And more came out of it than I expected. In a peculiar way, just by doing it, you cross the invisible curtain into the show itself. It starts off as something exciting, but then there’s work to do and the chores start. You have to set up the recordings into playlists and check they all work: it takes ages to do. There are deadlines: it doesn’t matter what you’re doing, you have to get the page constructed and ready in time to post, whatever else is happening or whatever else you want to do.
Then there’s the sense of repetition. The shows are very similar in content, and you’re doing one followed by another followed by another. You worry about whether people are finding it tedious. Odd doubts creep in. Why would anyone want to hear this material anyway?
Lots of good stuff too though of course. Mick’s post and photographs; the coincidental discovery of the tour book. No new recordings yet, but I live in hope.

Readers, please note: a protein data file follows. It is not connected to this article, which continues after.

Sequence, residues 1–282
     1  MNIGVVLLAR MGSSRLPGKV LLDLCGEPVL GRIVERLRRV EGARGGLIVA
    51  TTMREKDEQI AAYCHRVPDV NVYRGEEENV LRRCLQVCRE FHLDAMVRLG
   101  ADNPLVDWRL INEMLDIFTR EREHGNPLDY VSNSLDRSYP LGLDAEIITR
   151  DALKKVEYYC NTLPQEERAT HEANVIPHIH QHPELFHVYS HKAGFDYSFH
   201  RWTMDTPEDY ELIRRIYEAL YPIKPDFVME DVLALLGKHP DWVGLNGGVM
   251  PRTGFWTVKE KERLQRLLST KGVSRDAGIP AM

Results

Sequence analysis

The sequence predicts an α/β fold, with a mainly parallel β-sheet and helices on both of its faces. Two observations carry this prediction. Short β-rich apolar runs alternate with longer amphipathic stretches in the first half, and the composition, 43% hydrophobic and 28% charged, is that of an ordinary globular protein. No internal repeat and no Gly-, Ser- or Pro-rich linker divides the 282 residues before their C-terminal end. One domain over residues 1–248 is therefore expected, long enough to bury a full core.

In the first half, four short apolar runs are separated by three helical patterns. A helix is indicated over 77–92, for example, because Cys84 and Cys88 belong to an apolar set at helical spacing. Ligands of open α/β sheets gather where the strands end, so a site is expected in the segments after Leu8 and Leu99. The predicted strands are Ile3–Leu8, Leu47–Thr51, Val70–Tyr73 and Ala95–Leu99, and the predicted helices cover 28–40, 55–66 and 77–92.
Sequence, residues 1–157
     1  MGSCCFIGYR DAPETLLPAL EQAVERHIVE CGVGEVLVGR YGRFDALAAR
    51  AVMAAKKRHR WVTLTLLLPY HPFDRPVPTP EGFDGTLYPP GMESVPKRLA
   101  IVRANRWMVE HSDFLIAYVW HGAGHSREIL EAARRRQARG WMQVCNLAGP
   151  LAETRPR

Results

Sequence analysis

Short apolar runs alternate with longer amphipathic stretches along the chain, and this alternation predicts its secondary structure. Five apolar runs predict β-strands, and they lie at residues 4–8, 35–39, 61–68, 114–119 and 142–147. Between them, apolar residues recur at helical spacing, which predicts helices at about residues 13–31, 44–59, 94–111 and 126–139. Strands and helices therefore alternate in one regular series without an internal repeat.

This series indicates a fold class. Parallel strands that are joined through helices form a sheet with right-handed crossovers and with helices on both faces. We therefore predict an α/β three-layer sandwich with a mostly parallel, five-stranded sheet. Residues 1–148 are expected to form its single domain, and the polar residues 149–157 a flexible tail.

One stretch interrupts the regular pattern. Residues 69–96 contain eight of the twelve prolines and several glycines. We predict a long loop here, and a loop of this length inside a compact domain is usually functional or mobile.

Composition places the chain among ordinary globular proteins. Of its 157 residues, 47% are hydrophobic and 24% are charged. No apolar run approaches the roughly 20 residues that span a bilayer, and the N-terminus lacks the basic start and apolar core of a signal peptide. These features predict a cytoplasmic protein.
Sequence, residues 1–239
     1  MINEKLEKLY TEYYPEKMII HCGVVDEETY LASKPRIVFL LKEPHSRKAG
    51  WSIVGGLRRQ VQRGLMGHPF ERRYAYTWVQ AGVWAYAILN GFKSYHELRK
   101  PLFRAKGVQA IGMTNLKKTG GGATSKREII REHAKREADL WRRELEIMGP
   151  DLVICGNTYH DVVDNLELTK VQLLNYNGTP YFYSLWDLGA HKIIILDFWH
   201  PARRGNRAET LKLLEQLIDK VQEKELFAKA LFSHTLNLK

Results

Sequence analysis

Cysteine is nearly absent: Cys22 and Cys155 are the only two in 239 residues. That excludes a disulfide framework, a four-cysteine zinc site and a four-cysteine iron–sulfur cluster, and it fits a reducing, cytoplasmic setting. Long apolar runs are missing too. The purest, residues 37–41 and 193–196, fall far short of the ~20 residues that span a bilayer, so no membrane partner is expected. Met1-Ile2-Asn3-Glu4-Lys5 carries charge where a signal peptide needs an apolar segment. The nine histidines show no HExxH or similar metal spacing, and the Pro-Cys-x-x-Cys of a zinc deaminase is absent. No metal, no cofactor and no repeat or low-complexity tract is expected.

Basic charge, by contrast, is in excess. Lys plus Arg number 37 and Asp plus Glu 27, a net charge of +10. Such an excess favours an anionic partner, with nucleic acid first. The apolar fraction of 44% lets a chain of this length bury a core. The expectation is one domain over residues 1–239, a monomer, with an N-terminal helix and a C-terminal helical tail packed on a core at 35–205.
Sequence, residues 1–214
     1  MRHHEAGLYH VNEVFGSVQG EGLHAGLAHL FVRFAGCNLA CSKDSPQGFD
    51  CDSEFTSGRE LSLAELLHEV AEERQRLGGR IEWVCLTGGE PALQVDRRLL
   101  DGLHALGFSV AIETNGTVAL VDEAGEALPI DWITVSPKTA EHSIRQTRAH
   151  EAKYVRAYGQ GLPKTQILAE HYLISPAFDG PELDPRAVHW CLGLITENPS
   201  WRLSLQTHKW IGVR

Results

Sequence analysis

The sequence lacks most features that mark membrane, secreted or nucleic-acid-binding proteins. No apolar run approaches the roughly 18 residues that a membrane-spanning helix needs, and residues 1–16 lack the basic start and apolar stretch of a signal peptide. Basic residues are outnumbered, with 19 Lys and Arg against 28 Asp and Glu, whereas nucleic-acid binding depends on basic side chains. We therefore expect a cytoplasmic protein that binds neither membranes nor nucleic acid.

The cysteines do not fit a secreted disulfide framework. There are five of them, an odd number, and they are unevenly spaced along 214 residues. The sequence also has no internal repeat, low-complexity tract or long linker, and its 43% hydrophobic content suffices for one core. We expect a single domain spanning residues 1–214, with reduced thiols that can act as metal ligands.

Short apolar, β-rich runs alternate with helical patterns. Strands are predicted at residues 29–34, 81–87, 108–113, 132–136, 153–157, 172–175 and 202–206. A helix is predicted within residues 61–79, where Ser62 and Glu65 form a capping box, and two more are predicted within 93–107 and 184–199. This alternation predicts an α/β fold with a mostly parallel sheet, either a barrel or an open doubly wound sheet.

So I guess that having been sucked a little into the “show must go on” psychology, I’ve had a little insight into the ups and downs of doing the tour in the first place. I hope that those in the audience have enjoyed being part of things too.
I’m travelling for a few days, so you have until next Friday, the 24th, to enter the competition – really not very many entries at all so a brilliant chance of winning just by entering a guess – at which point I’ll reveal the attendances.
Meanwhile I think it’s time for a break from Prefab Sprout, and a song about touring, cars, and girls which seems completely appropriate.